by Annie Cloutier, Science Teacher – Sandwich High School & STEM Academy
Space Exploration and Rocketry is an elective course for students at the STEM Academy.
If you drove down Quaker Meeting House Road during the third week of September, you might have seen a small rocket soaring 264 feet into the air. It was not from Camp Edwards- Otis Air Force Base, it was the creation of the 7th & 8th grade STEM students in Ms. Cloutier’s Space Exploration class.
The sunny and hot day greeted us as we moved from our classroom to the grassy soccer field on campus. Here, the STEM Academy students tested the first Green Rocket and Gliders.
Each flying machine proved in its own design, the Bernoulli Principle. Lift., thrust, force, gravity, and the effects of friction and drag were observed. Swiss physicist Daniel Bernoulli discovered and measured the physics of flight, now called the Bernoulli Principle.
Lift is the reaction that allows planes and rockets to move through the air and how birds’ wings allow them to fly. As a plane moves forward the approaching air splits up and under the wing. The air pressure must move faster over the top of the wing and slower under the wing during the same amount of time. The pressure is lower above the wing and higher below the wing, and this is how the plane is lifted up ! The different pressures cause the phenomenon called the Bernoulli Principle.
In the Third Law of Motion, Isaac Newton stated in the Third Law of Motion that “For every action, there is an equal and opposite reaction”. Wing designs vary, and the reaction of air coming at the wing (tilt & shape) may have an opposite reaction to the deflected air. Air bouncing off the bottom of a wing (the action of wind) will push the wing upward (the reaction) producing the lift needed to move the plane forward and up !
Not too windy; it was perfect environment to observe and understand rockets and planes through Project Based Learning.
The STEM Academy Television Production Class taught by Mr. Childress made their first video of the year at the Rocket Launch! Watch it here.
The Green Rockets were made entirely of recycled materials – old shiny paper magazines, two 2 liter soda bottles, and tape. Our construction tools were scissors, rulers and patterns.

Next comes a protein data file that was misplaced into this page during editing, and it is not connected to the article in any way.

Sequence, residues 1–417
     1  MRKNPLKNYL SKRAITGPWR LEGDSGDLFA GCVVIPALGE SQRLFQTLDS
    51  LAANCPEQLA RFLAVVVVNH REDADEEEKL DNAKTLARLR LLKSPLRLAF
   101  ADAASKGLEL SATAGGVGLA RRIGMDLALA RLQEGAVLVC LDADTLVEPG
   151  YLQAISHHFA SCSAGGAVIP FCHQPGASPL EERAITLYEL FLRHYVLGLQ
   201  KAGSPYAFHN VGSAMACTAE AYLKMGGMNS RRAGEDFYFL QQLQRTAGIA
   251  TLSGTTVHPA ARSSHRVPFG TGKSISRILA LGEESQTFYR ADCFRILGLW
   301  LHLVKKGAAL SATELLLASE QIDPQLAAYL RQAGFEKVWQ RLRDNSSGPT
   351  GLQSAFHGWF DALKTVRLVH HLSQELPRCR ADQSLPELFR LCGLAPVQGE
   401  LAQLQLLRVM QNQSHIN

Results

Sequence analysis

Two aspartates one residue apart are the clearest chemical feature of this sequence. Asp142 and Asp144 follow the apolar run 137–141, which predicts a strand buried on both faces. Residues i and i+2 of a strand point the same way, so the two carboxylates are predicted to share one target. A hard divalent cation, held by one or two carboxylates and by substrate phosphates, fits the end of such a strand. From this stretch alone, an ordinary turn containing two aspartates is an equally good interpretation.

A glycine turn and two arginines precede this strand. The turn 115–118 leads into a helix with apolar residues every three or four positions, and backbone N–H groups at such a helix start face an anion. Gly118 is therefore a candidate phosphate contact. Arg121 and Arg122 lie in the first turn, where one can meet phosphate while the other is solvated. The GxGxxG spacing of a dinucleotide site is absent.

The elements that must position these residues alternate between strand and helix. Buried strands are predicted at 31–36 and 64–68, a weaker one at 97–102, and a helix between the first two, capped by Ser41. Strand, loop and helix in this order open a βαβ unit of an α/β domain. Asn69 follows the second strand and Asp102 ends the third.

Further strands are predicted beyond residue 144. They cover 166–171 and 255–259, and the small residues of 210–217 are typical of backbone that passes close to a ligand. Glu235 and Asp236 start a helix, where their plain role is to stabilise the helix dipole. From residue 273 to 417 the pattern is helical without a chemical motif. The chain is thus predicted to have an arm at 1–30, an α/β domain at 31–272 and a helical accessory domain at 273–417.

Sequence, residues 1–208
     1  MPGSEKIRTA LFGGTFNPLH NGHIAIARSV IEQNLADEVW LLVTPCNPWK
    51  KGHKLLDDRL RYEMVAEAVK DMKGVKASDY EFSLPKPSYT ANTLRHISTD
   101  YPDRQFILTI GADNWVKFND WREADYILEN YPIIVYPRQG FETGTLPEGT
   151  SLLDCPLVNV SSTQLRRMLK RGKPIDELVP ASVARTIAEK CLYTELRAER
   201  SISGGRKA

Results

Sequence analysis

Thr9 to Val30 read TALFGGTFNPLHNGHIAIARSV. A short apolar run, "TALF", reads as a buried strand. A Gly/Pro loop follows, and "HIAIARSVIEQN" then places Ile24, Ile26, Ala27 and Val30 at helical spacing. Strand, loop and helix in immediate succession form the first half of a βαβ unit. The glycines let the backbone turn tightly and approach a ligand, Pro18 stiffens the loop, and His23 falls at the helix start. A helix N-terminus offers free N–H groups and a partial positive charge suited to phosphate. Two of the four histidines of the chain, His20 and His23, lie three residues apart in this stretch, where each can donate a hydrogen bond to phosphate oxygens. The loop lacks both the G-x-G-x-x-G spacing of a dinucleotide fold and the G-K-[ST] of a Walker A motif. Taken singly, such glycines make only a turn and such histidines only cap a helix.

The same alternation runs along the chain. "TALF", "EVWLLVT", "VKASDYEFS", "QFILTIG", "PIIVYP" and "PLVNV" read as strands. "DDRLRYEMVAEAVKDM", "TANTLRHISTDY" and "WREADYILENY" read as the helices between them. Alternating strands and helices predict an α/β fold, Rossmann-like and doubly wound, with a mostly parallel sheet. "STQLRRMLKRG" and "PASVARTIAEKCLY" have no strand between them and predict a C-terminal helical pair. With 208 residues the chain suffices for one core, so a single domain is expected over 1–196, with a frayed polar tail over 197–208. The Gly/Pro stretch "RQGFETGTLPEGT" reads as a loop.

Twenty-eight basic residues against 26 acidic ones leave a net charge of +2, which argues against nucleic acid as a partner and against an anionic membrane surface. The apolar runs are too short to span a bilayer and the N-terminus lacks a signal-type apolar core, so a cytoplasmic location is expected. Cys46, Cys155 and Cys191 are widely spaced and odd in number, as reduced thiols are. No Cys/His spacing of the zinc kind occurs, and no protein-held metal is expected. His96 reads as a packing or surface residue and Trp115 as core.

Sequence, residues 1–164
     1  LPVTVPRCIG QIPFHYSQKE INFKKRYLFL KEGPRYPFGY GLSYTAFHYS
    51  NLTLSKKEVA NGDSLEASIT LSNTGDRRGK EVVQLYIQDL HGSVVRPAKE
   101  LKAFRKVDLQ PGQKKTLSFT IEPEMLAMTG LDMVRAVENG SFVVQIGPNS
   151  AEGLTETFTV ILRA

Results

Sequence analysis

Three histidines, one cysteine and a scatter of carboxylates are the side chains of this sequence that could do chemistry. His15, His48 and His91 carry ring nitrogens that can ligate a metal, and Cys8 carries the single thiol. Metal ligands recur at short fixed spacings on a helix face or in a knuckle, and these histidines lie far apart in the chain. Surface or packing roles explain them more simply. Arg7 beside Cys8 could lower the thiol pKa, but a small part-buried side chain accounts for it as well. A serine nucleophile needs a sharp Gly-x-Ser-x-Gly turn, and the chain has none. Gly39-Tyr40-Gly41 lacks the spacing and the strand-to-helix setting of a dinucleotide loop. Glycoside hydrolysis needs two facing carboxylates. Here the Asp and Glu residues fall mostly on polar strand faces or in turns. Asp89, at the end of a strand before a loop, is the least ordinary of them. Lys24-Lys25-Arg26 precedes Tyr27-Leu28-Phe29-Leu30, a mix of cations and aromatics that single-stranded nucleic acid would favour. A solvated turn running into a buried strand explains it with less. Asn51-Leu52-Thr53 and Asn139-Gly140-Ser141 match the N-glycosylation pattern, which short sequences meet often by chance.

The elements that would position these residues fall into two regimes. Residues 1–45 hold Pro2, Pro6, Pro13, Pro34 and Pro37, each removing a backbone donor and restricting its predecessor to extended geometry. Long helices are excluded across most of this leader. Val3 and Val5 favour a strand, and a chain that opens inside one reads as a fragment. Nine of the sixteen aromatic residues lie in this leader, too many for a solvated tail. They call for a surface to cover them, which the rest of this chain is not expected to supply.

How did they work?
- For POWER: We used recycled soda bottles for the fuel of captured gases in the empty bottle. The air gases inside the bottle created THRUST. That released the force of GRAVITY on the rocket. *The gases would provide air pressure for the displacement of gases as they were forced into a narrow plastic tube and cylinder.
- For STABILITY of the launch pad: We used a two liter soda bottle, half filled with water. It was held secure on the launch pad (large one inch block of wood) by being placed in a plastic flower pot that had been screwed down into the block of wood.
- The launch structure has a black plastic tube 1.5 cm round and 20cm long that the students place the hand-made rockets on.
- For FORCE: With a great leap, the student steps on the two liter ground bottle. The displaced gases inside the large bottle being forced into the narrow tube, concentrated the gases resulting in LIFT. *this should result in lift of the rocket IF the rocket was tightly wrapped in assembly. If not , a new one needs to be constructed more carefully.
- Using a Clinometer (altitude finder), students learned to operate simplified geometry technology and record the data for a graph. The procedure was to aim at launching rocket before take off, click and follow the rocket to its highest altitude and then, click to lock in the angle of altitude
- The best height we achieved was 264 feet.
- Problems we faced were tears in the rocket and uneven opening allowing fuel to escape from launcher.
Each student is in the process of perfecting the Green Rockets for trials next week.
Students lined up on the center line of the soccer field to compete for the highest altitude and the greatest distance reached by their fluorescent color glider. The results varied with six variations of planes. Students learned to follow directions for cutting and folding, with folding edges equaled greater success of planes. Students constructed them out of colorful paper, and six choices of template for the Delta, the Conrad, the Dragonfly, the Bulldog, the Raptor, and the Interceptor.